There is a distinct dress code for men in Silicon Valley, thanks in part to the iconic Mark Zuckerberg hoodie. Each “tribe” subscribes to a slightly different code, but all collectively fall within the same realm of attire. For the women of Silicon Valley, however, the dress code is less clear.
Cindy Chu, an engineer at social e-commerce site Polyvore, told Read Write that “tech tries to be very meritocratic, but sometimes it gets taken a little too far. People are often suspicious of others who dress nice.”
The fact that a distinct style for women hasn’t emerged is a reflection of their place in the ecosystem—ambiguous. In a network where culture fit is especially important, adapting to social norms is integral to success. In order to join a tribe, you’ve got to dress, talk, and act similarly. Power is being able to operate outside its norms and still be accepted by the group.
Research from Harvard Business School has found that nonconformity signals increased status. This explains why Facebook CEO Zuckerberg wore his hoodie during the Facebook’s IPO roadshow, and why Box co-founder Aaron Levie has a penchant for bright-colored sneakers and socks (something that Uber co-founder Travis Kalanick also sported at a recent conference). As of late, Zuckerberg has been wearing more suits to meet with heads of state, a signal that he’s trying to be part of another exclusive “tribe.”
Yahoo CEO Marissa Mayer has become the most visible arbiter of female fashion in Silicon Valley. Her decision to pose for Vogue (and wear a blue streak in her hair at the Met Gala one year) was refreshing; she affirmed the links between personal style and power.
But many women in tech aren’t afforded the same opportunity.
Cristina Cordova, who manages business development at Stripe responded to the Quora question, “What should women wear at a Silicon Valley startup?” with the following: jeans and a t-shirt is acceptable for female engineers, but those on the business side should seek to dress in a way that reflects who they are meeting with on any given day. She described the dress code for women as “creative casual,” and linked to images of dark-washed jeans, a nice blouse, and a casual shirt dress. (Cordova didn’t respond to follow-up requests for comment on the topic.)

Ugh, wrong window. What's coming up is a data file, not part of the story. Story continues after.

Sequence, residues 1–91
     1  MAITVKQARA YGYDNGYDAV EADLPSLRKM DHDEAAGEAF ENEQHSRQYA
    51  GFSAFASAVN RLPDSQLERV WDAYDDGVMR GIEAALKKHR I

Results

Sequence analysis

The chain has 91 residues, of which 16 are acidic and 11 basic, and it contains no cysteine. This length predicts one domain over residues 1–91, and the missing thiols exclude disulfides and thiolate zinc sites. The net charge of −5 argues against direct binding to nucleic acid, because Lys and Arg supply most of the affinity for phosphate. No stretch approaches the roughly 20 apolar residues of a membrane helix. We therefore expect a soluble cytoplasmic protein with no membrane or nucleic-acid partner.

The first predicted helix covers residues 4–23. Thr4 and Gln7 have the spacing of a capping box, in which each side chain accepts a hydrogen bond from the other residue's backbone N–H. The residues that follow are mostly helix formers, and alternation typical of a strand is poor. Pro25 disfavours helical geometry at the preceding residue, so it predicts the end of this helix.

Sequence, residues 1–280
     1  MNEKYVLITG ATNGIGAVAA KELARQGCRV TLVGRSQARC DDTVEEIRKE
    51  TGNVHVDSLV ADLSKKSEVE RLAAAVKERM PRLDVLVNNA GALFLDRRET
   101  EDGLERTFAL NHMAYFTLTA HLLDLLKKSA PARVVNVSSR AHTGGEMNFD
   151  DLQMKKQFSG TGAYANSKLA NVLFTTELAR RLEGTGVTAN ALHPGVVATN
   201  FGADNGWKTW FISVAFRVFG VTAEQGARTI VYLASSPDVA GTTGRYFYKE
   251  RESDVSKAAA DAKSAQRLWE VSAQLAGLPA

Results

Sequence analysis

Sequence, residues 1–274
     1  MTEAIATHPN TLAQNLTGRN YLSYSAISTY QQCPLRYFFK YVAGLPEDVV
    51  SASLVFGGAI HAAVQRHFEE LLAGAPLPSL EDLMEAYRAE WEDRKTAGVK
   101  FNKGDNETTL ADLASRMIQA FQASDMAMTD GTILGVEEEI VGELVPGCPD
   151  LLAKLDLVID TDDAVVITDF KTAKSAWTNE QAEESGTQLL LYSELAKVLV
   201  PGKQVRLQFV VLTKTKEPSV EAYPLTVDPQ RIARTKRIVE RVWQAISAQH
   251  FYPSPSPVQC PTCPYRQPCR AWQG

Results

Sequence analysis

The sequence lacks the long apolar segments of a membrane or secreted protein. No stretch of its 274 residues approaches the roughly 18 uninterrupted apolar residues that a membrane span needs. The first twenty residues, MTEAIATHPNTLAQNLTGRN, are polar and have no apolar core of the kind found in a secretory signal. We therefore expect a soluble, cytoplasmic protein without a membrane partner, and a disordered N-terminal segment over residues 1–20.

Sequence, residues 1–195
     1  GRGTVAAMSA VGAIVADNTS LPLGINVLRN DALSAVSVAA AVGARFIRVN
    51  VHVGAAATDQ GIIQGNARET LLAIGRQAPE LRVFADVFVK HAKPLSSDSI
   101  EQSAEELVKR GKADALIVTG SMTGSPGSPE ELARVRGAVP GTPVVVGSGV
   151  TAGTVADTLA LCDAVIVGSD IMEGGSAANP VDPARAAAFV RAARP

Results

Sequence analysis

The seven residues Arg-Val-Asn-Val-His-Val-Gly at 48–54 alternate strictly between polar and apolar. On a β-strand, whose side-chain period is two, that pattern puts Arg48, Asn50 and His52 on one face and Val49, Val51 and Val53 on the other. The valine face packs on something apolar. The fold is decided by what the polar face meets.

Many women in Silicon Valley simply don’t want to talk about fashion, likely for fear that it will detract from their professional achievements.
Shoptiques founder Olga Vidisheva told Quartz that she didn’t consult anyone for advice when she decided on jeans as part of her outfit to pitch investor Andreessen Horowitz and other VC firms. “It’s such a personal thing. … And in my experience, they’re so focused on results—if you’ve achieved your milestones.”
In 2013, Diana Tkhamadokova, who previously worked at Goldman Sachs, launched the fashion app I Style Myself. As part of her research she spent several months in Silicon Valley, where she is now based, observing what women wore. She told Quartz: “If you look at the women in Silicon Valley, I’ve never seen less confident women. They think they need to look a certain way. Compared to UK, French, Italian women, there’s such a stark contrast.” Thkamadokova explains that in Europe especially, women dress more boldly as a symbol of self-expression and power. She has yet to come across that same level of confidence in Silicon Valley.
But others think the dress code for women in Silicon Valley shouldn’t be over-analyzed. Sucharita Mulpuru-Kodali, a retail analyst with Forrester Research, told Quartz: “Who wants to wear the same thing everyday or be known for wearing the same thing? I don’t think any woman deliberately tries to be unstylish. Same doesn’t apply to men. Perhaps some of that is because of social constructs we grow up with as girls. We wear flats to work to flaunt convention. Not hoodies.”
Suzanne Cryer, who plays Laurie Bream on the television show Silicon Valley, tells Quartz that her character’s apathy toward stylish clothing is a sign of power, too. Her character, who is based on a composite of female and male figures in Silicon Valley, runs a venture capital firm and wears relatively neutral clothing. “She’s not on trend, not savvy. … I don’t think the way that Laurie Bream dresses is indicative of how all VCs dress. She can’t be bothered and shops at Ann Taylor.”
However, Cryer says she occasionally receives emails from people in the Valley saying that they recognize her character in someone that they know. “I’ve looked at pictures of VC women at board meetings wearing these cowl neck sweaters and ponytails,” Cryer tells Quartz. “At first I thought, ‘Did you check the mirror before walking on stage?’ But thank God she didn’t. She’s the boss, she’s fucking smart, and she’s not trying to get a date. That’s the message that she’s delivering. … I think Laurie is trying to neutralize herself. Her clothing isn’t a point of discussion.”